If there's anybody out there reading this who can explain to me why Spike Lee has a legal leg to stand on here, could you please e-mail me? I'm serious. Please explain why this whole suit is this anything more than a desperate attempt by an increasingly unimportant director to get his name back in the limelight.
And let me just say this about the Cubs/Reds brawl yesterday....

I think Michael Wilbon said it best: It's nice to see the Cubs not backing down from anybody.

I think that would suit Kyle Farnsworth just fine. Dude's crazy. And he can throw hard. Like 100 miles an hour, dude. Don't tick him off.

He will kill you with the baseball.

I just like the picture from that story, that has Reds pitcher Paul Wilson down on the ground, with Farnsworth on top of him, getting ready to pummel him. I set that one as my Windows wallpaper. Made me feel good.

You know, I'm thinking in baseball we go back to the old days where batters don't stand on top of the plate. I think you buzz a couple up under their chin, and then they'll stand back on their feet so that they're able to get out of the way. Then we wouldn't have so many beanballs.

It's all about respecting the pitcher. Guys like Roger Clemens and Pedro Martinez and even Kerry Wood have been made into bad guys because they'll buzz something up around somebody's chin every now and then. That's just making the batter respect you. Keep him off balance. He can't look out and away if he's expecting it up under his chin.

This was the Reds pitcher for God's Sake! If the pitchers from the other team aren't respecting you enough not to stand over the plate they deserve to get plunked.
Here is a link to the pictures I talked about, of NWA-TNA's first anniversary show. Bill's got a few good pictures of Sting's American PPV return.

Pic #7, a pic of me and Jerry Lynn. When we took the picture, I couldn't find the coordination to make my own hand signal like Jerry does.

Pic #8 is Bill, with David Young. I wish I was versed in Photoshop. I'd love to put motion lines on David's hand there, to make it look like David's punching Bill in the mush.

And here's a bunch of pictures of Shark Boy wearing Hulk Hands. He's my hero.
Next on the docket:

Wes Craven's They is definitely a movie. I can't give you much more than that. It's not necessarily a good movie. It's not really a bad movie, though it's leaning more towards that option. I'm thinking it was once going to be called Night Terrors, or something like that. Because the characters say "Night Terrors" just about 50 times over the course of the movie.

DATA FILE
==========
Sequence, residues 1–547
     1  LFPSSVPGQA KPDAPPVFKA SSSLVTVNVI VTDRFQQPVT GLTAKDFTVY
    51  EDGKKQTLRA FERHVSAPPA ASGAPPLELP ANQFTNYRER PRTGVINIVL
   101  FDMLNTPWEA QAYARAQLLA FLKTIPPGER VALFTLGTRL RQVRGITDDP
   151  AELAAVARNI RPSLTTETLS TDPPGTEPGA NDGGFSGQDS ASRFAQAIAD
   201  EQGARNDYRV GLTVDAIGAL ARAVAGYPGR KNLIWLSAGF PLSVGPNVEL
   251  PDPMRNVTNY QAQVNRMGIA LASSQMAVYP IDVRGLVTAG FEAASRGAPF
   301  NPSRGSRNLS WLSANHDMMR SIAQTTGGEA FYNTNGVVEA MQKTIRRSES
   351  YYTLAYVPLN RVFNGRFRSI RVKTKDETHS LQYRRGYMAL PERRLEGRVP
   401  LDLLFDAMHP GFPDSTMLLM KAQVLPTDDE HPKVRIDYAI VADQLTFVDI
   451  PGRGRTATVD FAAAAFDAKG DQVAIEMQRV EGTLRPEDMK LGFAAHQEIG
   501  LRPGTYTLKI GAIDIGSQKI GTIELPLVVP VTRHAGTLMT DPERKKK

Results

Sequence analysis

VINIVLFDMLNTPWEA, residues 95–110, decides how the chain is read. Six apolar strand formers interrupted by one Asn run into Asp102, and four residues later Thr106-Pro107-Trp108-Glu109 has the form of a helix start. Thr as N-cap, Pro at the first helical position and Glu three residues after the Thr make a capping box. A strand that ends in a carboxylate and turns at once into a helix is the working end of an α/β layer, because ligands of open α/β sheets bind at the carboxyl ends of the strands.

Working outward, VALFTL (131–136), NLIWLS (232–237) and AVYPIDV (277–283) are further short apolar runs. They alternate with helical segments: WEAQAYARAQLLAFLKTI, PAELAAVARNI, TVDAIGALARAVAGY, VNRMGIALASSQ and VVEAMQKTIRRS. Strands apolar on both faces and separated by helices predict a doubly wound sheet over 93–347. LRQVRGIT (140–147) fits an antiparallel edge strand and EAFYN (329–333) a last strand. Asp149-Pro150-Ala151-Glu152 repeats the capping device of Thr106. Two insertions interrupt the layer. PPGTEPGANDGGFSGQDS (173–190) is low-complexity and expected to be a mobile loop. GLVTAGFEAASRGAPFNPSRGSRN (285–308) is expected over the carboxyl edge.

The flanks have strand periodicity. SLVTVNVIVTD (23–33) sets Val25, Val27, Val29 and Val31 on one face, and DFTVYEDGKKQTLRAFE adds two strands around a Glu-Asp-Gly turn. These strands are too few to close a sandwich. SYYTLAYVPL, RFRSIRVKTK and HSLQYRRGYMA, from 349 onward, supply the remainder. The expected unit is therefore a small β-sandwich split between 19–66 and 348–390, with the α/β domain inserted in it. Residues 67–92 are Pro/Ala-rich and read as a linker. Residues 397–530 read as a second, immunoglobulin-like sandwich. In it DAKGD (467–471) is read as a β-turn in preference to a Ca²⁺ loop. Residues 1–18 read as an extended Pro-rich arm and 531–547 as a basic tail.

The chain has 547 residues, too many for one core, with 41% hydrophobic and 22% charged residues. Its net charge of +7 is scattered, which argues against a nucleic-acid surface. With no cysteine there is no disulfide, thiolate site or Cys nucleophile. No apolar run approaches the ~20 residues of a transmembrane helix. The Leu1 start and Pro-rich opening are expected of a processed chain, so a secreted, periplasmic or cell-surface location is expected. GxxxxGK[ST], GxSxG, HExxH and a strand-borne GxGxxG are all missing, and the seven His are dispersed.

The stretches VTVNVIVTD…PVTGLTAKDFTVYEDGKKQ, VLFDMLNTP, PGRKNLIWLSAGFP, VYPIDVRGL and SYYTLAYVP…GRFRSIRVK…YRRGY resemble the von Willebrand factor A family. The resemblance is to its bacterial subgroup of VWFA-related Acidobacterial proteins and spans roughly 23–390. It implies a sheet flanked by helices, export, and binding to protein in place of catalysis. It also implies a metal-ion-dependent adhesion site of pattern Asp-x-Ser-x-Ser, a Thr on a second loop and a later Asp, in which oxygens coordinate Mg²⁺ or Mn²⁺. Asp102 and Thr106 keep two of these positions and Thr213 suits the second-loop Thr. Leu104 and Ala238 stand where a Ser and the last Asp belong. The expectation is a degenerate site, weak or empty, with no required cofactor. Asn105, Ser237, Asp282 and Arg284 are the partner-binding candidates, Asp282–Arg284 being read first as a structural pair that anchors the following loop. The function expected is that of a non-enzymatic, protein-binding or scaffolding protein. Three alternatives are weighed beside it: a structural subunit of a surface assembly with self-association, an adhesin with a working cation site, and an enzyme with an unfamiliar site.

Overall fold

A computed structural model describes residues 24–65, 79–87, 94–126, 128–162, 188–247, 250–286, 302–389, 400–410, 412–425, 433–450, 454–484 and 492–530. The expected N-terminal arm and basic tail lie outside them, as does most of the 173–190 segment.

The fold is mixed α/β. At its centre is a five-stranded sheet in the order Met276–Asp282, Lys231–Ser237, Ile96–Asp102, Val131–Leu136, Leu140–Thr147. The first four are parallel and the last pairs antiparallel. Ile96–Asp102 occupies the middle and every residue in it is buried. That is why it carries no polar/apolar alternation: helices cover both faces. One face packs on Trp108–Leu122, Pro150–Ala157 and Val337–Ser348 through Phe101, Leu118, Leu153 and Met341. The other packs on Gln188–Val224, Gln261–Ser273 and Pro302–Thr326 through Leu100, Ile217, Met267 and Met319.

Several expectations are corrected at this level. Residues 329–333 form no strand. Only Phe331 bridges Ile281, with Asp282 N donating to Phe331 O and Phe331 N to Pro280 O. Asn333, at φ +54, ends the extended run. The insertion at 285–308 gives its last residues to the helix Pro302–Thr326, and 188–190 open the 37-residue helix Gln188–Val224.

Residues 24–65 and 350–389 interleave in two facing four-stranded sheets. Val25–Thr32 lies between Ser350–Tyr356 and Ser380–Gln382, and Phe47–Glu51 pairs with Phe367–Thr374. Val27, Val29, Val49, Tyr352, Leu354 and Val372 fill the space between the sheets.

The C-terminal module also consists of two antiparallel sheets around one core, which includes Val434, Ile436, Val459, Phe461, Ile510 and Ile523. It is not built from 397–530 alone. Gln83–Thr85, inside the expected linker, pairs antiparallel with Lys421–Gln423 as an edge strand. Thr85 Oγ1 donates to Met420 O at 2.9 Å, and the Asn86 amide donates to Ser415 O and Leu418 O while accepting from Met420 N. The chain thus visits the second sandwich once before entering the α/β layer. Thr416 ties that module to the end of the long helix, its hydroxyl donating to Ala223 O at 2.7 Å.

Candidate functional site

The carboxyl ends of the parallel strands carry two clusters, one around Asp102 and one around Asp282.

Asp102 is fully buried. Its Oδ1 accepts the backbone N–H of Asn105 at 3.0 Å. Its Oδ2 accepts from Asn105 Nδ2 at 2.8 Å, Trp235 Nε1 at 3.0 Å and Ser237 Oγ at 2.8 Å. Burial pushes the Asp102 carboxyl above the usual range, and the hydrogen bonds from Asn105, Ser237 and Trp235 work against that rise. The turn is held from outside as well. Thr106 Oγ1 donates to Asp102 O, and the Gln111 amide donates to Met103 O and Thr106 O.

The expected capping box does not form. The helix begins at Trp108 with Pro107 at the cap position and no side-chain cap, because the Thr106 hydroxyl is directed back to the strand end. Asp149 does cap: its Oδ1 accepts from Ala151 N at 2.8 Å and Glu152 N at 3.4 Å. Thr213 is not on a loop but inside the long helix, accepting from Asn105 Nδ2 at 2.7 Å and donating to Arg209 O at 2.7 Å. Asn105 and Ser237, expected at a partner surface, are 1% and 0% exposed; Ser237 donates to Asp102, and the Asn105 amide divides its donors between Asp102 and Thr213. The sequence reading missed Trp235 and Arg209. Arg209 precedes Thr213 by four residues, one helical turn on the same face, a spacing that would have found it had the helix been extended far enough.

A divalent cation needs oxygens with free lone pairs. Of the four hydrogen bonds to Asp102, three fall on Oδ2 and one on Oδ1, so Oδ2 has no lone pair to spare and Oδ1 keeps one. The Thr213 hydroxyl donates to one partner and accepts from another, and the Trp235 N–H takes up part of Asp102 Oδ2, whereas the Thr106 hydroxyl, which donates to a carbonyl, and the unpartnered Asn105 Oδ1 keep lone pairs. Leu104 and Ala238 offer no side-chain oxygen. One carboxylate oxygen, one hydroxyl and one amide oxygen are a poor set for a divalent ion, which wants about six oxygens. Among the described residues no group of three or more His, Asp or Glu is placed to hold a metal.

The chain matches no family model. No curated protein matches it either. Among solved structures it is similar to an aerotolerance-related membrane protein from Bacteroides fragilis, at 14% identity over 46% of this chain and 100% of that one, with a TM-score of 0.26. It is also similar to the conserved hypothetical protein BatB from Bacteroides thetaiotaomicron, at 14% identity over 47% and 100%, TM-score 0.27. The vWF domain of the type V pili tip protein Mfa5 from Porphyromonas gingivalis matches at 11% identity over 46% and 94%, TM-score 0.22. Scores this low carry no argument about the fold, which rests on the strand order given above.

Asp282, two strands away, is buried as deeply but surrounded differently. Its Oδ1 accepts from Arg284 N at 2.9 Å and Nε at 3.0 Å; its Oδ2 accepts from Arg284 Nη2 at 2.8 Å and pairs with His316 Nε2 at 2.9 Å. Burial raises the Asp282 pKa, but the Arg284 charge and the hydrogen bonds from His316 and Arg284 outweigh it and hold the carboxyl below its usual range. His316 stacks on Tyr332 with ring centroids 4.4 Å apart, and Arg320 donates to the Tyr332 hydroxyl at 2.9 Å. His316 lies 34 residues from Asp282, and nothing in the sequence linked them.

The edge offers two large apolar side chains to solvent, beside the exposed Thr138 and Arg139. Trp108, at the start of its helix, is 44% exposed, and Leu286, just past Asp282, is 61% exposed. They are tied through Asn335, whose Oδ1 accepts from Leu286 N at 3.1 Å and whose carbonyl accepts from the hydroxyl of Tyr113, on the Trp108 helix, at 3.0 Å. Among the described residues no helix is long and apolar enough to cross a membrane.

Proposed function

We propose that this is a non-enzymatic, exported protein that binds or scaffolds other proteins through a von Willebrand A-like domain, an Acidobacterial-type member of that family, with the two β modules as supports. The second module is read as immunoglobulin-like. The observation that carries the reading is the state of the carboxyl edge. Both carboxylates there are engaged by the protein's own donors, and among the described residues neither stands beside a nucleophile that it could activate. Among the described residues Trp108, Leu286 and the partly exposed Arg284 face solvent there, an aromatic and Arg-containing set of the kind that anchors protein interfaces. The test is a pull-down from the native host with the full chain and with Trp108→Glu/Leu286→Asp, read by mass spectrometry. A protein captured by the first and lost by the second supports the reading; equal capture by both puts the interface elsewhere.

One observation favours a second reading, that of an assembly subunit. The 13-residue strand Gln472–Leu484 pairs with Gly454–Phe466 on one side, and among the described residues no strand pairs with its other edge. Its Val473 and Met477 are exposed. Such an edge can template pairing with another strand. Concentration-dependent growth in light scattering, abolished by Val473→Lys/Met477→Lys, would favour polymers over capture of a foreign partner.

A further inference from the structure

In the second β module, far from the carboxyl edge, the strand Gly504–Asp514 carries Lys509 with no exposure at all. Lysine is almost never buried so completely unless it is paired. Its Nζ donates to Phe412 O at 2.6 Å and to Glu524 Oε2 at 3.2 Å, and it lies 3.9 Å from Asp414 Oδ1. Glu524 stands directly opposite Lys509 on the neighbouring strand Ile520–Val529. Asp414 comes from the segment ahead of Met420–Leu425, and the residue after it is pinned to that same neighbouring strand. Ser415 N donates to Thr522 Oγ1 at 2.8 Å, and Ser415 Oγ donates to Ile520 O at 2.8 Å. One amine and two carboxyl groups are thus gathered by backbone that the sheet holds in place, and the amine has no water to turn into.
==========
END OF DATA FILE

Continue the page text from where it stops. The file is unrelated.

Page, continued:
"Didn't you used to have Night Terrors?"

"I'm having Night Terrorrs again."

"Doctor, can you help me with my Night Terrors?"

"I can't come into work. I had really bad Night Terrors last night."

"If you had to choose between Pizza and Night Terrors, which would you choose?"

"I'll take Night Terrors to block, Tom"

"Aw, hell! Raul let the Night Terrors into the basement again."

"Well here's your problem: Your fuel pump's clogged with Night Terrors."

"Night Terrors destroy the Mets at at 11."

"Star Trek XI: Deanna Troi's Night Terrors."

My personal Night Terror? Al Roker rubbing on my booty.

They suffers from a couple of the problems a lot of horror movies have. They fall into the trap where, just to make something work, a character does something that most people would not do.

There's the girl who goes searching for rats in the air conditioning shaft. Now you or I would more than likely, if we saw a rat, call the exterminator. But this girl decides to light her lighter and goes crawling hip deep into the 2'x2' duct.

But another way characters veer from traditional thought bothers me more and more as I think about it. Without revealing too much about the movie, the people are being chased by monsters from another dimension. Those little monsters marked them as children. And the mark is returning to those people now that they've entered adulthood.

The mark is an oozing, bloody, painful sore.

Now, I don't know about you. But if I have a dime-sized oozing, bloody, painful sore that lasts for more than, say, an hour? I'm going to a doctor. I discussed this with Alex last night. If they'd gone to a doctor, we as viewers would have been deprived of the wonderful scene where Laura Regan pulls the four inch long splinter out of her forehead.

I give They a 5 on a scale of 1 to 14, 9 being the highest and 11 being the lowest. Enjoy!
Just something I'd like to say about the state of the world today, (or, This Things I Believe):

Okay, Jose "Friggin'" Hernandez is not the answer to the Chicago Cubs' question at third base. Unless that question is: How can we make our offense even streakier? Or: How can we get more table clearers and divest ourselves of another table setter?

I'm a little disappointed. I wanted Florida's Mike Lowell...even though he'd have been another base clearer.

Still, Jose Hernandez is better than Lenny Harris. As a Cubs fan, I'm tired of watching Lenny Harris struggle so much, whether it's in the field where he's looked lost at third, or it's at the plate where he's looked overmatched by everybody he's faced all season. Is he hitting .200 yet? I wish I were being funny by blowing his average out of proportion, but I'm not. He's been below the Mendoza Line.

Well, Jose's a former Cub. I'll take him, I guess. I wonder if they could find a way to work a decent leadoff hitter up into the lineup.

Thursday, June 19, 2003

Mike, our Man About Murfreesboro, had this to say about Hillary Clinton's new book:

I hope it sells two million copies just so Tucker Carlson can choke on his penny loafers.

Amen, brother.

Both Warren Ellis and Tainted Bill pointed this news story out to me.